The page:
Surgical Orthodontics

Surgical orthodontics is the combination of orthodontic treatment with a surgical procedure known as orthognathic surgery. Corrective jaw, or orthognathic surgery, is performed by oral and maxillofacial surgeons to correct a wide range of minor and major skeletal and dental irregularities, including the misalignment of jaws and teeth. Orthognatic surgery can improve chewing, speaking and breathing. While the patient’s appearance may be considerably enhanced as a result of their surgery, orthognathic surgery is performed to correct functional problems. The need for surgical orthodontics occurs when the jaws do not line up correctly and a proper bite cannot be achieved with orthodontic treatment alone. Orthognathic surgery will help complete the treatment, which is started and finished with braces. In order to undergo orthognathic surgery, growth of the jaws must be completed.

In the initial orthodontic evaluation, Dr. Tendler will assess the need for orthognathic surgery to complement her orthodontic treatment protocol. If you are a candidate for orthognathic surgery, you will be referred to an oral and maxillofacial surgeon shortly after so you have the opportunity to discuss the details of the surgery. We can then establish a “team” that will work together with Dr. Tendler throughout your treatment, from the initial treatment plan to the final results. We understand that the idea of corrective surgery might be slightly overwhelming, so we want to assure you that we are available to discuss any questions or concerns you may have. The results of corrective jaw surgery can have a dramatic and positive effect on many aspects of your life. So make the most of the new you!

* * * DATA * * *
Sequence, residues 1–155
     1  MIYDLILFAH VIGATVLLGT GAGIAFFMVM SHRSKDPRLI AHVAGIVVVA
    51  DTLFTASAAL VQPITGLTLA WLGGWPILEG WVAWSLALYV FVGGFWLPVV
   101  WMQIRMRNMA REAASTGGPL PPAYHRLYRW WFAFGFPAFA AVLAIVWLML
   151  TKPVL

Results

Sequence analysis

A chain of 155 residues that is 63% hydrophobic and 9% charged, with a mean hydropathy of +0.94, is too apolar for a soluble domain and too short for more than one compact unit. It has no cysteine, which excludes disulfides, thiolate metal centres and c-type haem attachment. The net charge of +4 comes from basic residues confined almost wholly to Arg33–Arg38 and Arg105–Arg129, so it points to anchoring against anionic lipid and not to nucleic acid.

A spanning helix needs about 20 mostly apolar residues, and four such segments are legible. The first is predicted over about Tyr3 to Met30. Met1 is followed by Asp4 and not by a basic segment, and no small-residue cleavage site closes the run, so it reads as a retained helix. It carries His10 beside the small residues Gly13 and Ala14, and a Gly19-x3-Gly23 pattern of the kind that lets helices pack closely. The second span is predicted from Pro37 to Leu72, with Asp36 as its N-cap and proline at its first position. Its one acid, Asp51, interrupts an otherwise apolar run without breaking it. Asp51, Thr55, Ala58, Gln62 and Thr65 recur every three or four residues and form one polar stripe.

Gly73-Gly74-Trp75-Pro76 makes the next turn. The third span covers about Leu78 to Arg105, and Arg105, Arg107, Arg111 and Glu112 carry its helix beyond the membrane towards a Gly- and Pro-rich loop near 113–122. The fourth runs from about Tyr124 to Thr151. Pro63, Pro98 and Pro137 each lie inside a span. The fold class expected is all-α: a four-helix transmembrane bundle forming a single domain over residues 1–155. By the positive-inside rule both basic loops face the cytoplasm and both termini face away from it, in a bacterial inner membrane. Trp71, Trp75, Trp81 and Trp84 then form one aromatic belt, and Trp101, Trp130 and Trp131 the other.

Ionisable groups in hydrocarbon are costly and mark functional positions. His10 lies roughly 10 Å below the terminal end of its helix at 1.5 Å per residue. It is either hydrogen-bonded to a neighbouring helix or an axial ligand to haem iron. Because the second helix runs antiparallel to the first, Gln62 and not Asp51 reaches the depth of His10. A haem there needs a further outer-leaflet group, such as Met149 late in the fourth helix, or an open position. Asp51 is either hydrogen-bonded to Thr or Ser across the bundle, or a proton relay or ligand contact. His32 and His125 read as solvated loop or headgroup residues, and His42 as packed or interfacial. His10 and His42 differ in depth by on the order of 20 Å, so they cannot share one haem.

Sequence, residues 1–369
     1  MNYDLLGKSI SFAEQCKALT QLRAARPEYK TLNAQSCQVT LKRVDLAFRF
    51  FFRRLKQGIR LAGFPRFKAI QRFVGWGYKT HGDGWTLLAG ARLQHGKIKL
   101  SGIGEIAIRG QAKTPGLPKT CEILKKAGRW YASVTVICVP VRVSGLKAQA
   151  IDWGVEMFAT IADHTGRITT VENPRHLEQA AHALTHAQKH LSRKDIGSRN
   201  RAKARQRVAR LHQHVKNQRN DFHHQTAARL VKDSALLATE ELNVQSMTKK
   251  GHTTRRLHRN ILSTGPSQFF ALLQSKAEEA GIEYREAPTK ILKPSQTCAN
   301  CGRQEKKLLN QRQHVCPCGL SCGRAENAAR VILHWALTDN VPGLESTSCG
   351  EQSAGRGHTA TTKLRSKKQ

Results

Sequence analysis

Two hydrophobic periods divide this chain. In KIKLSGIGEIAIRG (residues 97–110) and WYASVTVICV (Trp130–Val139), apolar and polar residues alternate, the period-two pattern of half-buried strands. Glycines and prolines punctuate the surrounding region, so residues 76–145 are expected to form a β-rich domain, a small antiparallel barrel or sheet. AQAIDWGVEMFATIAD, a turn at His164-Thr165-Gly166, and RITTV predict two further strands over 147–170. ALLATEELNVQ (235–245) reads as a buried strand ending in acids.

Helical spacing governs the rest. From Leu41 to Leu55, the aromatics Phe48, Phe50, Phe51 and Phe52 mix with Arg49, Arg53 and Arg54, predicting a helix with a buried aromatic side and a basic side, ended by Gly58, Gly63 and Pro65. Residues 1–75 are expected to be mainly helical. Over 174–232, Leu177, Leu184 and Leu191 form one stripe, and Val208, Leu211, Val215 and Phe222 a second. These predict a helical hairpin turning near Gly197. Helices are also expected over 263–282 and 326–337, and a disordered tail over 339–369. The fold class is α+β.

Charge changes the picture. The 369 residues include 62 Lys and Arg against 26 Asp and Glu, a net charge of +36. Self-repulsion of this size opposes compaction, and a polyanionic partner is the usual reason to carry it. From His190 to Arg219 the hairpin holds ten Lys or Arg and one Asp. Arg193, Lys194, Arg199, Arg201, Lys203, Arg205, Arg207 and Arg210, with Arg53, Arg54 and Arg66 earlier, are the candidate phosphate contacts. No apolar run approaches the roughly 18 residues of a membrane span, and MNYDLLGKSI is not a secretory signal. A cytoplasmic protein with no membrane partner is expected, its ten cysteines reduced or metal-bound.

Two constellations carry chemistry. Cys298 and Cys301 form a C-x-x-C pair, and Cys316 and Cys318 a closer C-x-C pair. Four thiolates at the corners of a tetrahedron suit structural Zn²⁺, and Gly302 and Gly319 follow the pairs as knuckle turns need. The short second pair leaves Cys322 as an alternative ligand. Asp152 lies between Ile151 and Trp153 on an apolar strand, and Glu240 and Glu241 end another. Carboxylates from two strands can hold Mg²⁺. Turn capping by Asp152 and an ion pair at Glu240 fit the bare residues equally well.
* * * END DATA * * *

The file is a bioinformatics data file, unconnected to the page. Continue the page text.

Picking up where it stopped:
Some conditions that may indicate the need for corrective jaw surgery include:

  • difficulty chewing or biting food
  • difficulty swallowing
  • chronic jaw or jaw joint (TMJ) pain and headache
  • excessive wear of the teeth
  • open bite (space between the upper and lower teeth when the mouth is closed)
  • unbalanced facial appearance from the front or side
  • facial injury or birth defects
  • receding chin
  • protruding jaw
  • inability to make the lips meet without straining
  • chronic mouth breathing and dry mouth
  • sleep apnea (breathing problems when sleeping, including snoring)